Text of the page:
|L. pardalinum is a vigorous, clump-forming, rhizomatous true species lily, with strong stems bearing whorls of elliptic deep green leaves. Produces in midseason, racemes of up to 10 unscented, nodding, orange-red to crimson flowers, paler toward the bases and with large maroon spots. Prefers moist soil in full sun or partial shade; lime-tolerant, but not in dry soil. Western US.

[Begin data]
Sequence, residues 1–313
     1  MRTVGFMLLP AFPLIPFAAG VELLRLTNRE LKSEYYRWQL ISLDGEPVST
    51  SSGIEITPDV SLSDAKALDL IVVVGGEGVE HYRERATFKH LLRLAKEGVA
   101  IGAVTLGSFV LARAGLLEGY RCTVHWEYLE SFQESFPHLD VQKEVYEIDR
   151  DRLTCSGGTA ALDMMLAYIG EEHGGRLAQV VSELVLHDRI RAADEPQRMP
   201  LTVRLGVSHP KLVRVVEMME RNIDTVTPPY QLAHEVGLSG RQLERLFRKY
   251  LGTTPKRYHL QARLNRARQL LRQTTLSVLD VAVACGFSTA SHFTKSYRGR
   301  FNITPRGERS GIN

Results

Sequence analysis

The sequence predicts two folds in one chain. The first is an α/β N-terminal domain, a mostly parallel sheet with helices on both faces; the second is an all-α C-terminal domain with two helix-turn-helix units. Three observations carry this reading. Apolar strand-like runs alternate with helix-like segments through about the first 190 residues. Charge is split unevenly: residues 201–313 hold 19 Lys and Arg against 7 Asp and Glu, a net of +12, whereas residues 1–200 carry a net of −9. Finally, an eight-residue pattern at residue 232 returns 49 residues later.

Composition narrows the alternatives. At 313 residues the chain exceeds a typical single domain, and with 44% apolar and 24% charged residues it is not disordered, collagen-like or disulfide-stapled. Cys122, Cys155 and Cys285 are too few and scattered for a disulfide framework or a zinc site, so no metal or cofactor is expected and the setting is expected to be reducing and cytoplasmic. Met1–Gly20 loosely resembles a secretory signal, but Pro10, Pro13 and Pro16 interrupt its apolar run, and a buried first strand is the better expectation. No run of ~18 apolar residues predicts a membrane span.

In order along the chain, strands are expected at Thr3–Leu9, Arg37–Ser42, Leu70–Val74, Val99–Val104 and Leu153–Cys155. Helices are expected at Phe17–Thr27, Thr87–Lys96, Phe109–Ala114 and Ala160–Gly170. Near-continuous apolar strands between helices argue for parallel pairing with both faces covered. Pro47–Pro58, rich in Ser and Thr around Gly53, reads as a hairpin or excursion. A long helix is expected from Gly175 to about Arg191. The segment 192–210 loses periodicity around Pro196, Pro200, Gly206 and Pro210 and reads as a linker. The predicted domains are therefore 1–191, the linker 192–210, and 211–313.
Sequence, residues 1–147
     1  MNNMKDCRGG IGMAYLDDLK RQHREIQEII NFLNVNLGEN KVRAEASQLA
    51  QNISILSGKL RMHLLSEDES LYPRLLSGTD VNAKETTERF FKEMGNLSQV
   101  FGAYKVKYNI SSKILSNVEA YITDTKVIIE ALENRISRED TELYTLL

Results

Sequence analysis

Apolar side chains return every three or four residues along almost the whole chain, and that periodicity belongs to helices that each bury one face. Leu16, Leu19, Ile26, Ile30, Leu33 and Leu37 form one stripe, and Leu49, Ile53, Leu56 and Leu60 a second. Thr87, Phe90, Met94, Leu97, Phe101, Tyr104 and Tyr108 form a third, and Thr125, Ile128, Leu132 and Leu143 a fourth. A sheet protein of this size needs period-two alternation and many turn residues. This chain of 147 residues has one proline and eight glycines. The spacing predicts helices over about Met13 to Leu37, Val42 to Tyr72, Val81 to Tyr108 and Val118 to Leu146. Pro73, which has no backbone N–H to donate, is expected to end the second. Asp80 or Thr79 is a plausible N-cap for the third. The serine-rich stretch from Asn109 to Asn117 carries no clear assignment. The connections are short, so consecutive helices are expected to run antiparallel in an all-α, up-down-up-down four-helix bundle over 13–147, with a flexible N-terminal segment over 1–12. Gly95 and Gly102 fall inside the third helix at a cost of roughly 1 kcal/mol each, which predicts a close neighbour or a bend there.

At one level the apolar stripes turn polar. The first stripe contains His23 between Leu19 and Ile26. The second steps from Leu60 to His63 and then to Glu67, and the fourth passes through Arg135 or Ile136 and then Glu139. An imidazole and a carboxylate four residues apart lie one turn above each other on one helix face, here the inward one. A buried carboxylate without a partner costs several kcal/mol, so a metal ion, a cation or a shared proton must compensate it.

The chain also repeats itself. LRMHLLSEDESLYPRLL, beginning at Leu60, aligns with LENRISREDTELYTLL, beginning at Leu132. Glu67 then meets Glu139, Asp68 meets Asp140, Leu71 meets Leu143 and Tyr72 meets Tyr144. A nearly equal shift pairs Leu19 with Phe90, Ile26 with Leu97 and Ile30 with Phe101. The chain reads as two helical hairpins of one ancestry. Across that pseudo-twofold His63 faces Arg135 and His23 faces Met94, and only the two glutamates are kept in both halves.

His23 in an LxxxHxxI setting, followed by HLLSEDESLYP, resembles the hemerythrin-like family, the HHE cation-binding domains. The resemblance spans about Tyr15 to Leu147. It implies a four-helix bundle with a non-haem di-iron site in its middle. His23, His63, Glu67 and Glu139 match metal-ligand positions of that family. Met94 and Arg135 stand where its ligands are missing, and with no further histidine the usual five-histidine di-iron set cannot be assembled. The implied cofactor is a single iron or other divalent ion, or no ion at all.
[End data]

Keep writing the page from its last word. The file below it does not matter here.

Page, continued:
There are approximately 100 species of lilies. A bulbous perennial, that originated in wooded areas of Europe and Asia, the lily has become a favorite in gardens across the world noted for its trumpet-shaped flowers. Depending on the species, bloom time ranges from spring to fall. All lilies will prefer a well-drained location with rotted organic matter. Lilies require a cold period, so it is uncommon to find plants that thrive in zones 9-10. While most lilies prefer acidic soil, there are a few that do best in limey soils. Spring and fall are the best time to transplant, even though they can be transplanted any time. Provide ample moisture while flowering, but can take periods of drought otherwise.